Regarding the subject matter, there are courts of special jurisdiction (civil, labor, family, etc.) and courts that will handle al kind of cases (they are called courts of common competence and are typically located in large rural areas).
In relation to venue, the criteria is territory. The general rule of venue depends on what the object of the action is. If it is a real estate, the competent court well be the one where the real estate is located. If the action is for money or any other object or right, then the competent court will be the one where the defendant has its domicile.
The courts of Appeals and the Supreme Court have common competence over all kinds of subjects but limited to a very broad territory (usually a Region). The Supreme Court is divided into four specialized chambers that exercise their jurisdiction over the entire Chilean territory. Civil and commercial matters are decide by the First Chamber.
How does the court determine what law will apply to the claims?
In Chile there is one legislation applicable to all its territory, and therefore the same law will always apply.
It can happen, however, that in a certain situation the foreign law must be applied. In this case, there are a few rules of referral in our legislation. The general rules of the so-called "private international Law" have been expressly accepted for certain issues (e.g. international sales of goods).
In what circumstances, if any, can claims be disposed of without a full trial?
There are several mechanisms that allow the end of a trial without the existence of a final judgement.
In fact, the termination can be produced, firstly, by a unilateral act of the complaining party, through which it can withdraw from its action (before service of process). After notification of the complaint the plaintiff can “desist of demand". Here the court's needs to accept it and there are times in which the court will reject it and the trial will continue. Actually, the defendant can oppose to the unilateral termination.
If desist of complaint is accepted by the court the decision forbids the same party from bringing the same action against the same party.
In addition, litigants can, in common agreement, put an end to an ongoing trial. This may occur within the trial, through an agreement reached at the mandatory “settlement talks”, or out of court, by holding a settlement agreement to be submitted to the respective court to terminate the proceedings.
What, if any, are the main types of interim remedies available in your jurisdiction?
In Chile there are “pretrial measures", which are proceedings that are initiated prior to the filing of the complaint and that may be intended to prepare the entry into trial, obtain proof that for some reason may not be surrender during the trial, or ensure the result of the action that is going to be tried (e.g. an injunction over the defendants assets).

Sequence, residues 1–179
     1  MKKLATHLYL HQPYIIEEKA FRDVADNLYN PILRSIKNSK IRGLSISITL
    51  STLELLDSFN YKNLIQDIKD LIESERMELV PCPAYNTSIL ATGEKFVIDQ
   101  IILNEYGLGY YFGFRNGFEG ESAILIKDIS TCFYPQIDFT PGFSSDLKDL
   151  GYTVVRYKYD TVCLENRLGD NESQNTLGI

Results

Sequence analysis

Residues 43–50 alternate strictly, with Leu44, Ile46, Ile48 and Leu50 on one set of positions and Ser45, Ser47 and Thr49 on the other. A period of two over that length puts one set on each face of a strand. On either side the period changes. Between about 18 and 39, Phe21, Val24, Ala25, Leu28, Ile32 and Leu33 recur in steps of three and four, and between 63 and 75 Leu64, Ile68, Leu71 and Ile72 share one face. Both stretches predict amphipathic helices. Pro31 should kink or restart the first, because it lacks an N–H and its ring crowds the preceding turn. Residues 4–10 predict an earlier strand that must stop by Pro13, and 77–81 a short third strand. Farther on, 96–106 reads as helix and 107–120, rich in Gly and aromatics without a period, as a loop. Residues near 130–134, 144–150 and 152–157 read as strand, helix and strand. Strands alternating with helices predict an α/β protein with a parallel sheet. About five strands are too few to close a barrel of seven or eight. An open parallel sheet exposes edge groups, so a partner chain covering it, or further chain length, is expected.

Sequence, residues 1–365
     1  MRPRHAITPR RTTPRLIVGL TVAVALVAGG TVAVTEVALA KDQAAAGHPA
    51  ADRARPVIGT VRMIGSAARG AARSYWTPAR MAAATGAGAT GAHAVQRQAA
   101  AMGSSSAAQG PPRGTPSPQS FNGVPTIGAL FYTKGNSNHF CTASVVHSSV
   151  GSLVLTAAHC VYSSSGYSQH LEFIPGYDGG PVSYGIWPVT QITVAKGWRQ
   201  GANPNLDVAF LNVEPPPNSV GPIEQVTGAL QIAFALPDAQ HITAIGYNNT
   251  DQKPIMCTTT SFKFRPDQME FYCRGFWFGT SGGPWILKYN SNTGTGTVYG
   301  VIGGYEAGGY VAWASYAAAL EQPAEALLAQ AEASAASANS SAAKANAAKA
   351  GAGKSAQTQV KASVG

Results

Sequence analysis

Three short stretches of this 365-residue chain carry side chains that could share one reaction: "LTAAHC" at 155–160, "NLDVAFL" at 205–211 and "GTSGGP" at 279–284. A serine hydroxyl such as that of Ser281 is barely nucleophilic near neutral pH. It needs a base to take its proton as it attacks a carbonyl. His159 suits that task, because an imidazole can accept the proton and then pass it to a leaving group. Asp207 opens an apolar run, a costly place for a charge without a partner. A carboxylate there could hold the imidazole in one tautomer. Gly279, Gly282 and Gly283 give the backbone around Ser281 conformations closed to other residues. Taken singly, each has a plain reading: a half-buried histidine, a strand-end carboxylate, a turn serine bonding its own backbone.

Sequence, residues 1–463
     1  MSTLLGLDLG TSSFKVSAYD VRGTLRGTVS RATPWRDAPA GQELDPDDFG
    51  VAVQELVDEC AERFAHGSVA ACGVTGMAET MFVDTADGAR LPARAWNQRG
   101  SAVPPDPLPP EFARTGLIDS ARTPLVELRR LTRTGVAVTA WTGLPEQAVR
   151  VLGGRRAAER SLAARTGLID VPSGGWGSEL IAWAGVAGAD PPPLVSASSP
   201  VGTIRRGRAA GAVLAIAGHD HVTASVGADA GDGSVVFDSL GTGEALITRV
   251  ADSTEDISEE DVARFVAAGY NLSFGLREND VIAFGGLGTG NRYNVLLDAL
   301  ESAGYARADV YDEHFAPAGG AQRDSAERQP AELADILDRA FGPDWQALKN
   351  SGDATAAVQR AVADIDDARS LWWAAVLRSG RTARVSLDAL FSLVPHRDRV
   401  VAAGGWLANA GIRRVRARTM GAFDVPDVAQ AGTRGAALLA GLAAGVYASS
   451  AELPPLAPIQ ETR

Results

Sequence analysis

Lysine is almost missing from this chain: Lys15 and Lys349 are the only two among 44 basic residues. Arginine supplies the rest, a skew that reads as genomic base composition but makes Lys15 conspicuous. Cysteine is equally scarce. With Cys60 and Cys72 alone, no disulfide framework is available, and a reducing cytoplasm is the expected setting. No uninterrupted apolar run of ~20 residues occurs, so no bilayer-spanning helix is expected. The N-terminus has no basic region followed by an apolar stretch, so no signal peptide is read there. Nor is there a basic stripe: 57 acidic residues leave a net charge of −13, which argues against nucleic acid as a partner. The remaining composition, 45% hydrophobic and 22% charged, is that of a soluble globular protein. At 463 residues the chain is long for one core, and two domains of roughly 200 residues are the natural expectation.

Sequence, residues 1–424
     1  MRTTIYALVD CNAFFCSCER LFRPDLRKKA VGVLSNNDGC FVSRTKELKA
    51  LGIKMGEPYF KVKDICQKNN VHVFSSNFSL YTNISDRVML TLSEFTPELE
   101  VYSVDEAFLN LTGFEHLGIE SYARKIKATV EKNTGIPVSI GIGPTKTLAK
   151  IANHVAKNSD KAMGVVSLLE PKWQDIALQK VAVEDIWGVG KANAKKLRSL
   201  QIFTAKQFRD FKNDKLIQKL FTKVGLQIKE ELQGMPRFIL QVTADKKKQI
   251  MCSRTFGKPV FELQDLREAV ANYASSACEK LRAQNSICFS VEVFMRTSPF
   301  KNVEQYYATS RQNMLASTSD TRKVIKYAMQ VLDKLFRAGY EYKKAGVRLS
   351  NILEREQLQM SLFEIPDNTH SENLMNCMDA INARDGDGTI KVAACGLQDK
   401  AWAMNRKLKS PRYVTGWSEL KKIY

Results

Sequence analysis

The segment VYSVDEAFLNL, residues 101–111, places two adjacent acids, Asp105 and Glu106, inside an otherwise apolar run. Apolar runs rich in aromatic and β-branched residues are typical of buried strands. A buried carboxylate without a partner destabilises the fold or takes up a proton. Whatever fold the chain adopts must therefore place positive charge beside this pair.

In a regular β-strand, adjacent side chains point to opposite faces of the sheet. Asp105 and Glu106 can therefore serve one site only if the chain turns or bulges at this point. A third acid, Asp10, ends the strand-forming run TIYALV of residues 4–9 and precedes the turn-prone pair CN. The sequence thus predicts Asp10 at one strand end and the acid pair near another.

The latter are the so-called preliminary injunction measures. Of course, the general rule is that, among those measures, only conservative measures are granted in Chile, which seek to prevent the current factual situation from being altered. Thus, prohibitions to hold contracts on certain goods are very common, or the withholding and seizure of the defendant´s goods.
Measures that seek to anticipate the effects of the final judgement are rather rare. There are certain specific cases that allow it (for example, courts are allowed to grant provisional food, or to grant the claim in case of defendants default or nonappearance in court). However, these measures are far from constituting the general rule in our system.
However, the legislation leaves the door open for the provision of other “unnamed” preliminary injunctive measures which are not expressly regulated (Art. 298 CHCPC).
After a claim has been commenced, what written documents must (or can) the parties submit and what is the usual timetable?
In the Chilean legal system documentary proof is quite important. Documents may be submitted from the beginning of the trial to the expiration of the so-called "probatory term" (a term in which parties need to submit and produce all the documents and most evidence). At the trial court level this term lasts 20 working days, and, at the appellate court level, it lasts until delivery of the oral arguments (although the Appellate Courts seldom allow evidence to be produce before them).
As a general rule, there is no obligation to file specific documents, beyond the obvious advantages of submitting those favorable to the position of the party. Only certain procedures require the submission of specific documents. Also, later on, parties can force the production of documents in possession of the other party or even in the control of third parties.
In fact, in civil and commercial matters it is not even an obligation to present, along with the complaint, the founding documents in conjunction with it, and its submission may be reserved for a later trial stage.
What, if any, are the rules for disclosure of documents? Are there any exceptions (e.g. on grounds of privilege, confidentiality or public interest)?